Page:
NEW YORK (
) -- While economies can collapse seemingly without warning, a
personal debt crisis
doesn't happen overnight.
Most of the time, foreclosure or personal bankruptcy is years in the making. But people often don't see the warning signs along the way that could stop -- or at least slow down -- the problem before it hits critical mass.
People often don't see the warning signs that could stop common personal finance problems before they hit critical mass.
According to the Federal Reserve Bank of New York, as of the fourth quarter of 2010 approximately 2.8 million U.S. homes have gone through foreclosure, and another 2 million homes are in the process. Bankruptcy numbers aren't much better, even if they are trending in the right direction: The American Bankruptcy Institute
that the total number of U.S. bankruptcies filed from September 2010 to September 2011 reached 1.5 million, down from 1.6 million the previous year.
How can you avoid become a statistic in either group? With a built-in "radar" system that warns you when your financial picture is starting to spin out of control. Here are five "red flags" you can use to build that warning system:
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You keep overdrawing your checking account.
A bank checking account is like the proverbial canary in the coal mine when it comes to your personal finance picture. If you're overdrawing it constantly -- even once a month is a serious sign if it happens repeatedly -- you need to get your financial act together. You're likely spending too much money and possibly accumulating too much debt, or your income simply does not meet your expenses, in which case there are
other forms of help
to consider. Fix the problem by building a
and sticking to it.
Your credit card payments are dwindling.
If you can afford to make only the minimum payments on your monthly credit card bill (if that), you've got a
. Credit card users keep paying interest on that big outstanding balance, and within a few months a $5,000 credit card tab can climb to $7,500. The solution? Use your card less (ideally, only for emergencies) and pay at least twice your minimum card payment. That should keep you out of credit card trouble.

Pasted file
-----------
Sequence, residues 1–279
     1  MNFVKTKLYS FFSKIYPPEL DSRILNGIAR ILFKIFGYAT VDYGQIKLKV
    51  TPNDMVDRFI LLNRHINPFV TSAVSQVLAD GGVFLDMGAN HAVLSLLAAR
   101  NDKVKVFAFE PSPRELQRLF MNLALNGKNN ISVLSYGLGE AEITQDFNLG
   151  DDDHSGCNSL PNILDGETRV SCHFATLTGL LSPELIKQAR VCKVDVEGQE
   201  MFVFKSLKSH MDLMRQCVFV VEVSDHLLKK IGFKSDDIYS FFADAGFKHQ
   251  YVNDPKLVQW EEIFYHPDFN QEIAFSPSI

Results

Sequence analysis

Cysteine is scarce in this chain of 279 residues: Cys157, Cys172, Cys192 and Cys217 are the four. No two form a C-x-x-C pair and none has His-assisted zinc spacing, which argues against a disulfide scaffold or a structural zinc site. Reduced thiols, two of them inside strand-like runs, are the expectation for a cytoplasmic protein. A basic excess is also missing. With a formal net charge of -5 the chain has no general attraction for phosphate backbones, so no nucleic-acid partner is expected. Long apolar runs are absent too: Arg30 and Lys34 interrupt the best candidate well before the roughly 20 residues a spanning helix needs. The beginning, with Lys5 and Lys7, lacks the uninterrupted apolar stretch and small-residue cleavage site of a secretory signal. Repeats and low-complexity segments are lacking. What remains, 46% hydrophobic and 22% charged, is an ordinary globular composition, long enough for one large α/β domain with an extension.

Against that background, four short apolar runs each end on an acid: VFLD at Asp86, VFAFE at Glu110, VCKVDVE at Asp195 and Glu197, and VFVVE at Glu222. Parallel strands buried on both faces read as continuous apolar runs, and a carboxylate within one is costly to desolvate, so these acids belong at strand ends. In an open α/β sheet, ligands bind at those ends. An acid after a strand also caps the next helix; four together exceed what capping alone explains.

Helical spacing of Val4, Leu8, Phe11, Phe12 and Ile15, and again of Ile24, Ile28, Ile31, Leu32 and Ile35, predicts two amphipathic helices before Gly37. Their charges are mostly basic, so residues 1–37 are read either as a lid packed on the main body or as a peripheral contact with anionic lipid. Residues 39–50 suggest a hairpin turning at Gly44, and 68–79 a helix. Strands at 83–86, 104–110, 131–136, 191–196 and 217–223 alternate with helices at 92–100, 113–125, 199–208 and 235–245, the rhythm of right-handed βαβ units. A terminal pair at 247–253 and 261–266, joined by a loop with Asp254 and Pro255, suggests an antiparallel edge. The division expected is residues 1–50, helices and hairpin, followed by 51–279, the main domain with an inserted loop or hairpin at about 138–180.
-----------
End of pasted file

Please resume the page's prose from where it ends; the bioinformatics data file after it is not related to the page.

Your emergency fund reads "zero."
If you don't have an emergency fund, or the one you have is on life support, you're
courting big financial trouble.
Experts historically say you should have at least six months' worth of income stashed away in a savings fund, but it's better to aim even higher. Build a 12-month cushion in case you lose your job or suffer from a major illness or injury.
Most bankruptcies occur
after a job loss or a serious health issue, so a proper emergency fund can save the day in that regard.
You have to choose which bills to pay.
If two bills come in the mail and you can't afford to pay both, you're overstretched financially. If this happens once, no worries -- it's a tough economy and most people have problems with a bill at one time or another. But if it's a monthly occurrence, you're in red flag territory and need to revisit that budget and see where you can cut (or take a second job to earn more income).
Your credit score is below 620.
If your FICO score is heading south faster than a Canada goose in December, that's obviously a big red flag. The lower your score, the more expensive it becomes for you to get credit (creditors charge higher interest to consumers with low credit scores -- if they grant a loan at all).
Read your credit report
at least twice a year and address any problems right away.
If you find you meet at least two of these red flags, you could be heading toward financial peril. But if you pay attention to the warning signs you could help to avoid or reduce the impact of a potential financial Armageddon.
Managing debt is the key to avoid a personal debt crisis, so check out our roundup of 10 tips on how to get out of debt for help!
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